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US miscounts population, costing congressional seats and party funding


The census admits overcounts up to 6.8% and undercounts up to 5%

The US Census Bureau released a report revealing major population count errors in 14 states – only after the erroneous numbers were used to split congressional representation and federal funding metrics for the next decade.

Net overcounts reached 6.8% in Hawaii, while the largest undercount was 5% in Arkansas, according to a follow-up survey released Thursday by the Census Bureau. All but one of the seven states with overcounts above 2% are controlled by Democrats. The four states with undercounts over 2% are controlled by Republicans.

About one in 20 residents of Arkansas and Tennessee were not counted in the 2020 census. Undercounts were also large enough in Florida and Texas – at 3.5% and 1.9%, respectively — to cost both states seats in Congress.

Hawaii, Delaware and Rhode Island all got more than one additional resident for every 20 correctly counted people. Minnesota and New York also saw significant overcounts, at 3.8% and 3.4%, respectively. Utah was the only Republican-led state with a large overcount, at 2.6%. Excessive counts would have prevented Minnesota and Rhode Island from losing seats in Congress.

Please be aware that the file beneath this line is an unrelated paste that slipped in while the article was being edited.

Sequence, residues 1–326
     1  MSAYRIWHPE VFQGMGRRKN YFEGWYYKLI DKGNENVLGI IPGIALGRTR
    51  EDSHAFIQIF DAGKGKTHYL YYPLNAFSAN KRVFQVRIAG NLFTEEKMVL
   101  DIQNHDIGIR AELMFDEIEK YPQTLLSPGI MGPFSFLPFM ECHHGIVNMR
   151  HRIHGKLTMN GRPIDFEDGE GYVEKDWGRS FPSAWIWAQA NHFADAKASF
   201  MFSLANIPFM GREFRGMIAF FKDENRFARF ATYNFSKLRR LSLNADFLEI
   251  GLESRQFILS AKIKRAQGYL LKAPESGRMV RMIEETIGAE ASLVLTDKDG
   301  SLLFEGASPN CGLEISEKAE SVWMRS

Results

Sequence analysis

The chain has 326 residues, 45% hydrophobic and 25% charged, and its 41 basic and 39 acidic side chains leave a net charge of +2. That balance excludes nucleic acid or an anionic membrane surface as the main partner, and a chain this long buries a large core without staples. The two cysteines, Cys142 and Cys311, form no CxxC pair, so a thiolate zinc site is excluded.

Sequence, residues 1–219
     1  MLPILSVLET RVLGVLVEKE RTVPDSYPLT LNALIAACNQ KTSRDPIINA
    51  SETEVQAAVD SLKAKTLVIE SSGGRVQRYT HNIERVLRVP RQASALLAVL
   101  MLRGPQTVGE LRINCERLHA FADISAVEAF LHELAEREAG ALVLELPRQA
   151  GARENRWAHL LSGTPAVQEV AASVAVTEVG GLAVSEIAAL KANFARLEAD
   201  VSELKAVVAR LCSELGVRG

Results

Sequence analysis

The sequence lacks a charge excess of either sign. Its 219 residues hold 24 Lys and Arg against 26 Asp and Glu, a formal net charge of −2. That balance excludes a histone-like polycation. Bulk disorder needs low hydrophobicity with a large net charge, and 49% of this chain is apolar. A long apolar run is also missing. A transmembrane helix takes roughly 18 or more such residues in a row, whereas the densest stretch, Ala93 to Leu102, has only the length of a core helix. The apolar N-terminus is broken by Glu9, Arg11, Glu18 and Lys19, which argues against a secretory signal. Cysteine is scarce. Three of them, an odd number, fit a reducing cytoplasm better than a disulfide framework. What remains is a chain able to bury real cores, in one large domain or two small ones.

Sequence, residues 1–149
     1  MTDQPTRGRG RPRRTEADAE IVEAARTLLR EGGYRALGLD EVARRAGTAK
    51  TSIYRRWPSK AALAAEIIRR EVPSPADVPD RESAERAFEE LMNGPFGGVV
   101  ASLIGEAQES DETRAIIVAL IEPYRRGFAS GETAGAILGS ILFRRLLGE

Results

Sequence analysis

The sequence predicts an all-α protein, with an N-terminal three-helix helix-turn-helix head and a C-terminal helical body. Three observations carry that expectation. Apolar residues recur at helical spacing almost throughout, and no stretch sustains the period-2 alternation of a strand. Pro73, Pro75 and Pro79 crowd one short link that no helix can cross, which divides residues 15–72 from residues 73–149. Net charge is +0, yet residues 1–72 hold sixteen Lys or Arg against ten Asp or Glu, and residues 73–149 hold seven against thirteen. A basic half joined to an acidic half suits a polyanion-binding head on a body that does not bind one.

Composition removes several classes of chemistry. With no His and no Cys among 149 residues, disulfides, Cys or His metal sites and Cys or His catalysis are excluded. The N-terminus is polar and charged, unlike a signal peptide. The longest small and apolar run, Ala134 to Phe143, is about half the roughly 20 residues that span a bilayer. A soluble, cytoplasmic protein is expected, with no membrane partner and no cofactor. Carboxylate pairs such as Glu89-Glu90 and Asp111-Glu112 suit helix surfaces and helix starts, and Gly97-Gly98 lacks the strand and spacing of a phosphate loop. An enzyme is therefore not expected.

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The stakes are high with census numbers because the numbers are used to allocate political representation and federal funding. The numbers are locked in as a population base for each state until the 2030 census, although they are now known to be wrong in light of tracking analysis.

“These statistical products cannot be used to alter the final census count, but are useful for evaluating the current census, determining how best to estimate population by 2030, and helping to improve future censuses,” said the Census Bureau.

The bureau offered no explanation of how the errors were made in the 14 states with significant counting errors. The follow-up survey after the 2010 U.S. Census showed that no state had statistically significant counting errors.

Counting errors were significant in numerical terms. For example, the 2020 tally missed about 325,000 Tennesseans and 550,000 Texans. The census assigned New York more than 670,000 non-existent residents, and Minnesota’s population was inflated by 215,000. President Joe Biden’s home state of Delaware, which had the second highest rate of highest overcrowding at 5.5%, benefited over 50,000 additional residents.



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